How the American Right Stopped Worrying and Learned to Love Russia

Last week, before Russian threats toward Ukrainian borders turned into an all-out invasion, one part of the American media landscape questioned why we weren’t supporting the invaders.

“Hating [Russian President Vladimir] Putin has become the central purpose of America’s foreign policy. It’s the main thing that we talk about,” Fox News anchor Tucker Carlson said on Tuesday. “It might be worth asking yourself, since it is getting pretty serious: What is this really about? Why do I hate Putin so much? Has Putin ever called me a racist? Has he threatened to get me fired for disagreeing with him?”

Interviewed on “The Clay Travis & Buck Sexton Show” on Tuesday, former President Donald Trump described Putin as “smart” and “savvy.” Then on Wednesday night, as reports of Russian explosions across Ukraine rolled in, Mr. Trump repeated his admiration for the Russian leader. J. D. Vance, a Republican candidate for Senate in Ohio, said during a Feb. 19 podcast interview with Steve Bannon, Mr. Trump’s former White House chief strategist, “We did not serve in the Marine Corps to go and fight Vladimir Putin because he didn’t believe in transgender rights, which is what the U.S. State Department is saying is a major problem with Russia.” Mr. Bannon, for his part, hailed Mr. Putin as “anti-woke” hours before Russia’s assault on Ukraine.

The American political right was long associated with Cold War hawkishness. But in recent years the trend has shifted toward fawning praise for autocrats, even those leading America’s traditional adversaries, as well as projecting our own culture wars overseas. Where once Russia and other autocracies were seen as anti-democratic, they have now become symbols of U.S. conservatism —a mirror for the right-wing worldview.

Supporting Mr. Putin, as well as other authoritarian leaders, is yet another way in which the political right is weaponizing culture wars to further divide Americans.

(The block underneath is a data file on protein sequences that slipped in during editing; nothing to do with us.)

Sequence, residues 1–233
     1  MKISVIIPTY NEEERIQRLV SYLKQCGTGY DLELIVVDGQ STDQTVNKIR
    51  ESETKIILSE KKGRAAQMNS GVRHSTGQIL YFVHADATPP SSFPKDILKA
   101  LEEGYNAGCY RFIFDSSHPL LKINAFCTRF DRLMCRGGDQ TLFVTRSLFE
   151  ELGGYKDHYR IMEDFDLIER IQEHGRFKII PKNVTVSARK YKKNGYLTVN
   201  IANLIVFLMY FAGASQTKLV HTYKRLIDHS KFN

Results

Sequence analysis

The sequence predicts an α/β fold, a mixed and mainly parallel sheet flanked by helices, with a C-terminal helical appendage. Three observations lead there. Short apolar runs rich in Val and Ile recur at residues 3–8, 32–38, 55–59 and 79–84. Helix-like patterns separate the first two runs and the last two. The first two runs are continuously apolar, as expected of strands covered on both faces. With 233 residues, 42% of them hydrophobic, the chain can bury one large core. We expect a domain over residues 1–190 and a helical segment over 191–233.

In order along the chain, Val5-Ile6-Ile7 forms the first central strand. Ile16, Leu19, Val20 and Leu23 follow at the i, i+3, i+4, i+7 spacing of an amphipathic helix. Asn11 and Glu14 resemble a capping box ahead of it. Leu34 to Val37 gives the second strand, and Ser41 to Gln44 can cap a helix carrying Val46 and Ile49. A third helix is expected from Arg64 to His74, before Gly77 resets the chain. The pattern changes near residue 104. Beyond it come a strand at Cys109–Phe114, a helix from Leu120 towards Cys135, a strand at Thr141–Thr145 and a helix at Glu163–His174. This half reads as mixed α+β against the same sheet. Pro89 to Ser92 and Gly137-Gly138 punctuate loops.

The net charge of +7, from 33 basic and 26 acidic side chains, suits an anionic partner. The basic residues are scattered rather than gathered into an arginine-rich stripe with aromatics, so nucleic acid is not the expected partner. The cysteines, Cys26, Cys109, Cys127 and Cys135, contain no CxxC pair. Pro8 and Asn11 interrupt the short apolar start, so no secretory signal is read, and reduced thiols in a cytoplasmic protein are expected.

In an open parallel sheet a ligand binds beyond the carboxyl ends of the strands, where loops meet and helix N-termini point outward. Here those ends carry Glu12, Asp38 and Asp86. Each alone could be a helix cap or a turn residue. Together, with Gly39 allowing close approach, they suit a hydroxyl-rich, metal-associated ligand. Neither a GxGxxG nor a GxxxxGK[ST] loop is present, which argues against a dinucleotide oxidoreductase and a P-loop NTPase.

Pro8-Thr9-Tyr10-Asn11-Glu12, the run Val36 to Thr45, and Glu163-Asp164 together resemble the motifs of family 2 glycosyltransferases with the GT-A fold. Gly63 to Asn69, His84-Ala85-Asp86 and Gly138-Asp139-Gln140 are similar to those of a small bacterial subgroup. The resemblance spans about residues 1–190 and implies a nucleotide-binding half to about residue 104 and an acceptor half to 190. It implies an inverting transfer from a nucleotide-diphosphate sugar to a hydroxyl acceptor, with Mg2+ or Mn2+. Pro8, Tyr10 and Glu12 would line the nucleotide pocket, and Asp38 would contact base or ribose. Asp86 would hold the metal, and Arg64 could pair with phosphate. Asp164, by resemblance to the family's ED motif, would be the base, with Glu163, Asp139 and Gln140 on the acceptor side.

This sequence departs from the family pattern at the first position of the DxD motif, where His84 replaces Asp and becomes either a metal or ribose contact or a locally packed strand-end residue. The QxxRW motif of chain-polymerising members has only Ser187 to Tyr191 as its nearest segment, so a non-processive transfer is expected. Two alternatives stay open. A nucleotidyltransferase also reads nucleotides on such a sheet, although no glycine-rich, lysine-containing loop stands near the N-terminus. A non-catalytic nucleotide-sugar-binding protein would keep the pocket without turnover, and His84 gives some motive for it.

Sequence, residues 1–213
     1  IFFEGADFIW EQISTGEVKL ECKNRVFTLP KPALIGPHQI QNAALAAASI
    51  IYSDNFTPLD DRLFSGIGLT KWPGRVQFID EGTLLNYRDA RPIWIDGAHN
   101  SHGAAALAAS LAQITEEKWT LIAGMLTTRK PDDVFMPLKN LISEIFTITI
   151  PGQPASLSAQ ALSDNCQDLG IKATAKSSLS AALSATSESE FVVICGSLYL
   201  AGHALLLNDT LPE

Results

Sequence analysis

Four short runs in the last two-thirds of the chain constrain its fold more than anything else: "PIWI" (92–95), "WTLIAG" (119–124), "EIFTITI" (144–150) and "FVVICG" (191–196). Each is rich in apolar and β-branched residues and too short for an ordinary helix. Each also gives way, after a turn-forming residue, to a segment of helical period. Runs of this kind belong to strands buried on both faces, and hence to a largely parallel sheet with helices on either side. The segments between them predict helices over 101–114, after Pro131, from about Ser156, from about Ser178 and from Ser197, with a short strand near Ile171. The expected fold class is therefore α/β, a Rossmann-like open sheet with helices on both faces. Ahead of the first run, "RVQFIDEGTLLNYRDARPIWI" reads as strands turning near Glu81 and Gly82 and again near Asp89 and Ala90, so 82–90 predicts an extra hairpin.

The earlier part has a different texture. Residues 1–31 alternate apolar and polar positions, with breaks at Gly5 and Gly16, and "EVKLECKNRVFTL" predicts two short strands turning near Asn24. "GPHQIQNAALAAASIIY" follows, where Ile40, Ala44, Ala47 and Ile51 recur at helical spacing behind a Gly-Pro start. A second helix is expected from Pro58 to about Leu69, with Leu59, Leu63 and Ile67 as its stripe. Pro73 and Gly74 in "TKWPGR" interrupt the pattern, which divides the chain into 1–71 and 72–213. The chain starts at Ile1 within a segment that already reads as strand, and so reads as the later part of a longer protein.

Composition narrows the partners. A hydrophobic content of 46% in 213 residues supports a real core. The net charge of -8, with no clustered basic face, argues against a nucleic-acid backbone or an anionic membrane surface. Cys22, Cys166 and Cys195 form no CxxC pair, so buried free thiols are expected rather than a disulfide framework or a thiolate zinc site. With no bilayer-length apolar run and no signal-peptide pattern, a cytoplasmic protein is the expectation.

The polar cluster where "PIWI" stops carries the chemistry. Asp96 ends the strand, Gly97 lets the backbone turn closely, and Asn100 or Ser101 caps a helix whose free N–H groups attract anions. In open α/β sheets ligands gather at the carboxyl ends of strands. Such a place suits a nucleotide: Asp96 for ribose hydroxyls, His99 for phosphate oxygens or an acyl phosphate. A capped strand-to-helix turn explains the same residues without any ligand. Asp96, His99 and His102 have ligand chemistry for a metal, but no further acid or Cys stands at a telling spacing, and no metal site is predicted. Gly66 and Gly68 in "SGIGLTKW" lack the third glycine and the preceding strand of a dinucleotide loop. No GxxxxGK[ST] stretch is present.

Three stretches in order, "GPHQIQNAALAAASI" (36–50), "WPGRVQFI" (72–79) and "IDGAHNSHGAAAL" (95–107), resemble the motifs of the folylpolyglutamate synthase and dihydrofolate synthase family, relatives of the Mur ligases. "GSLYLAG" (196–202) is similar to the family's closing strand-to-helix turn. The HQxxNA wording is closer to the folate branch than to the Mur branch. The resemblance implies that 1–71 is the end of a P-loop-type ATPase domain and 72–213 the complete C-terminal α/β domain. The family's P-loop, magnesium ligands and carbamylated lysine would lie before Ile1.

Part of this new paradigm is that foreign policy is now a partisan matter. In 2016, Hungarian Prime Minister Viktor Orbán offered an endorsement of then-candidate Donald Trump, admiration that was later returned. Mr. Putin’s Russia reportedly meddled in the American election in 2016, and the Russian president has admitted that he wanted Mr. Trump to win. Those amicable relationships trickled down to the Republican voting population, which shifted its views on Mr. Putin’s favorability, which soared from a mere 10 percent in July 2014 to 37 percent in December 2016. A Yahoo News/YouGov poll from January of this year found that 62 percent of Republicans and Republican-leaning independents consider Vladimir Putin a stronger leader than Joe Biden.

“Strong” may be the key word here. In this construction, a strong leader is apparently one who cracks down on opposition, cultural and political, and does not concede. This idea then dovetails with right-wing ideas that liberal elites are actively corroding deeply held traditional values — including traditional gender roles. For those who spend a fair amount of airtime worrying about the emasculation of men, the kind of strength portrayed by Mr. Putin — who on Monday convened his top security officials and demanded they publicly stand and support him — is perhaps appealing.